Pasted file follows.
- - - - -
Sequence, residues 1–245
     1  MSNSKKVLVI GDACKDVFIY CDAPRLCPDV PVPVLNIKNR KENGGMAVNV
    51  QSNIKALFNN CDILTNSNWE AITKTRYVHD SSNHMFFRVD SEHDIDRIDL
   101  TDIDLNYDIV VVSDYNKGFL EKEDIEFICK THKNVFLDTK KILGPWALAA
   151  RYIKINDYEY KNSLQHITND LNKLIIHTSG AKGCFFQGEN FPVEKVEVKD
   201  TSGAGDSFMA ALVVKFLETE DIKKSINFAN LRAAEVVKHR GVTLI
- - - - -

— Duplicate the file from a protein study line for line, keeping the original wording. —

Sequence, residues 1–245
     1  MSNSKKVLVI GDACKDVFIY CDAPRLCPDV PVPVLNIKNR KENGGMAVNV
    51  QSNIKALFNN CDILTNSNWE AITKTRYVHD SSNHMFFRVD SEHDIDRIDL
   101  TDIDLNYDIV VVSDYNKGFL EKEDIEFICK THKNVFLDTK KILGPWALAA
   151  RYIKINDYEY KNSLQHITND LNKLIIHTSG AKGCFFQGEN FPVEKVEVKD
   201  TSGAGDSFMA ALVVKFLETE DIKKSINFAN LRAAEVVKHR GVTLI